Dr Bober described an intervention that they devised at Dana Faber to address sexual dysfunction in ovarian cancer survivors. Not only was it brief, easily accessible, and “doable” by patients, but final results showed that it was quite effective.
The format was integrative. It was composed of a single half-day group intervention with a didactic teaching and experiential exercises, coupled with an individualized action plan. After the session was completed, the participants were asked to reflect on what was pertinent to them and what they were going to work on during the next 6 weeks.
The session was followed by a brief telephone call, in which the action plan was reviewed and additional support was offered if needed, to uncover additional challenges that needed to be addressed.
Because this was a pilot study, it did not include a control group per se, Dr Bober explained, but participants served as their own controls. This was accomplished by having a 2-month run-in period, during which women filled out surveys at baseline then waited for 2 months before completing the survey a second time before beginning the intervention. The purpose of the 2-month run-in period was to estimate changes in symptoms that could not be attributed to the intervention.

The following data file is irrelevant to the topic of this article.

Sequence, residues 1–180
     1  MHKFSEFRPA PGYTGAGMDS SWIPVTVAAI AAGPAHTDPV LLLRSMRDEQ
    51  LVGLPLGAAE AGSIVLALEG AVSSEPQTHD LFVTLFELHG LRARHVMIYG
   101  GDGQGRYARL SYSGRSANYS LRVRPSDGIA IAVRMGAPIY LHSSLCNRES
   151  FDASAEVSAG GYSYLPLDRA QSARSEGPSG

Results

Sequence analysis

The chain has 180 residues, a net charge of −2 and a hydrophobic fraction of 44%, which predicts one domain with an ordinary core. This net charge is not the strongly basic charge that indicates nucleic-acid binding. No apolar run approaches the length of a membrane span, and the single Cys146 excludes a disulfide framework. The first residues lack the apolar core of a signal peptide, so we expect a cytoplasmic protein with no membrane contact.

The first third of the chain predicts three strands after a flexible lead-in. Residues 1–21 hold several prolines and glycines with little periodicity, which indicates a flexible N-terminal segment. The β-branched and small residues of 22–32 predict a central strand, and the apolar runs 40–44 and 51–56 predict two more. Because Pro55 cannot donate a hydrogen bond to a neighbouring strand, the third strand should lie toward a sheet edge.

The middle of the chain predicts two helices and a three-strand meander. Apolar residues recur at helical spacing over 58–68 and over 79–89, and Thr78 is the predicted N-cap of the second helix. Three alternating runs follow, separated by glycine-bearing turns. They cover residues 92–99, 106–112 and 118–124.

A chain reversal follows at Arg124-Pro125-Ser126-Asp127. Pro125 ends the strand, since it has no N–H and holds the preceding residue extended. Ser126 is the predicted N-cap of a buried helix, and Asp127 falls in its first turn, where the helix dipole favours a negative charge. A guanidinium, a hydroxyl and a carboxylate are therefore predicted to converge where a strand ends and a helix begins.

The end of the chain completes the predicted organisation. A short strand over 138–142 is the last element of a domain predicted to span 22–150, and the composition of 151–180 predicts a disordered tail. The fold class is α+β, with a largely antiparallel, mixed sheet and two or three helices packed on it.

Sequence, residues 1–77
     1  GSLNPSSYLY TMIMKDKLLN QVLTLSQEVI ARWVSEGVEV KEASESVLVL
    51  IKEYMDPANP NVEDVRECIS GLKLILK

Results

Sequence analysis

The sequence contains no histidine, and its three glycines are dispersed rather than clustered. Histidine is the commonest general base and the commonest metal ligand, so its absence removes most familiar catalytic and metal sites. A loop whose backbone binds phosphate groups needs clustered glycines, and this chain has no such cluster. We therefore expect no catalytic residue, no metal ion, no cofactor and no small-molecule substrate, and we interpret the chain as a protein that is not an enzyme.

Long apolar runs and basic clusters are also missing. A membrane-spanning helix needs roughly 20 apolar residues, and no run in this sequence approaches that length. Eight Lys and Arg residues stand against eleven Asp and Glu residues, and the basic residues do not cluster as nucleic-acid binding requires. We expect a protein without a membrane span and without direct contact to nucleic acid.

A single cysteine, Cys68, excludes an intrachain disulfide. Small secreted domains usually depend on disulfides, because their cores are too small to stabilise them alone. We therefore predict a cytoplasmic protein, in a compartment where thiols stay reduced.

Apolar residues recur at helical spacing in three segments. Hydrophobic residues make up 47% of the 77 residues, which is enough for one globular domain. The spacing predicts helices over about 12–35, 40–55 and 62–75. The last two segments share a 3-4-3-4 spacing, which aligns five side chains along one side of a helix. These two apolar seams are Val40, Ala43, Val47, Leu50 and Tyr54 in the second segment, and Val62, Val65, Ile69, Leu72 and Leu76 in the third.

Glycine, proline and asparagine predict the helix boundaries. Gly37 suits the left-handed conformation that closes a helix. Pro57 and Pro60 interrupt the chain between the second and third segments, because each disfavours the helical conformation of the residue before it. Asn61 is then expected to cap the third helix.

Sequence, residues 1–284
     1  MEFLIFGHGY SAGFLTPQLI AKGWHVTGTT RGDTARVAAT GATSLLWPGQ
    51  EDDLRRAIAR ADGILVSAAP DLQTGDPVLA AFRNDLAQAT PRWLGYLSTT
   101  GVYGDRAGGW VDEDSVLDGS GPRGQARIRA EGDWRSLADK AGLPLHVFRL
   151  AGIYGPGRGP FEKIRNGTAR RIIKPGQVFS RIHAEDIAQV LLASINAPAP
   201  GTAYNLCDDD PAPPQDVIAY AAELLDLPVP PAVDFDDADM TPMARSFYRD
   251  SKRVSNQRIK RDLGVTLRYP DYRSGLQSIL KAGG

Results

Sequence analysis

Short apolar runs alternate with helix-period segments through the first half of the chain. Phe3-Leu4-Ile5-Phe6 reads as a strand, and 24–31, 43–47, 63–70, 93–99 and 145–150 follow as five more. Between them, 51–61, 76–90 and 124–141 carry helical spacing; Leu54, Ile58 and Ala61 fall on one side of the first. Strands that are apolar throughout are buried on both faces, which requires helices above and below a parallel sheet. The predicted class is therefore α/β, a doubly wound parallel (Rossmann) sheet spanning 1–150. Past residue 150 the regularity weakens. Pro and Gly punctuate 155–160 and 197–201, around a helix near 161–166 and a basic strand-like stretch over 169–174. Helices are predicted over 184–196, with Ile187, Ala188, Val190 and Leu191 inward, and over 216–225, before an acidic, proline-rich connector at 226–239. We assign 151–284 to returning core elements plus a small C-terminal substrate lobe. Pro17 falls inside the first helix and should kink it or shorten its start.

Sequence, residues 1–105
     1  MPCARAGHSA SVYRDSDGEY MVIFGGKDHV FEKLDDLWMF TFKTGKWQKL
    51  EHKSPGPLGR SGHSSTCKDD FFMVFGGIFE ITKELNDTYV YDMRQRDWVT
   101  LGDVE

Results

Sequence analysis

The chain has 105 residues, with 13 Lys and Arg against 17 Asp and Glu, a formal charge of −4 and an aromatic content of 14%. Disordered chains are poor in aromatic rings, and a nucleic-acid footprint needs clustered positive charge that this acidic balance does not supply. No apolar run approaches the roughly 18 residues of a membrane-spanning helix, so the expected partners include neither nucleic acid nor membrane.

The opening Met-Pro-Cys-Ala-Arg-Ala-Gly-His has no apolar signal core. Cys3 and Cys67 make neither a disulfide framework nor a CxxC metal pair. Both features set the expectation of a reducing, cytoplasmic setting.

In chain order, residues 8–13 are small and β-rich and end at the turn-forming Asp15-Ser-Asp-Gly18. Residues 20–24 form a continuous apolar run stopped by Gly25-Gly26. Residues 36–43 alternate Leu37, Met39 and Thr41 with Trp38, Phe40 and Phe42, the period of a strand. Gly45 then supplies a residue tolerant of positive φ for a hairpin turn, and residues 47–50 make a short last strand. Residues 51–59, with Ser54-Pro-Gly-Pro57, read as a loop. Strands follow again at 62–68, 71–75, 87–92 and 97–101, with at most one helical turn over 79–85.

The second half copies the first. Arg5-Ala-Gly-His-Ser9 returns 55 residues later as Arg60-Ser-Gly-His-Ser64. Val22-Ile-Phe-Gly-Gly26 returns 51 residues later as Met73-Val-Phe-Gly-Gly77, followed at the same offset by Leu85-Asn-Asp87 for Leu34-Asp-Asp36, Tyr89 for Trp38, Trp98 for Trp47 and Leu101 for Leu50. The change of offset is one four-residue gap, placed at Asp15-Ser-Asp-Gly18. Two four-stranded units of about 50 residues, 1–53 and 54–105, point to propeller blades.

The design comprised three modules. Module 1 was targeted on sexual health education, which discussed vaginal health, enhancing arousal, and increasing low desire. Module 2 involved body awareness and relaxation training, in which participants learned pelvic floor education, progressive muscle relaxation, and body scan. Module 3 involved a mindfulness-based cognitive training, which sought to increase nonjudging awareness of automatic thoughts, with progression from avoidance/distraction to acceptance.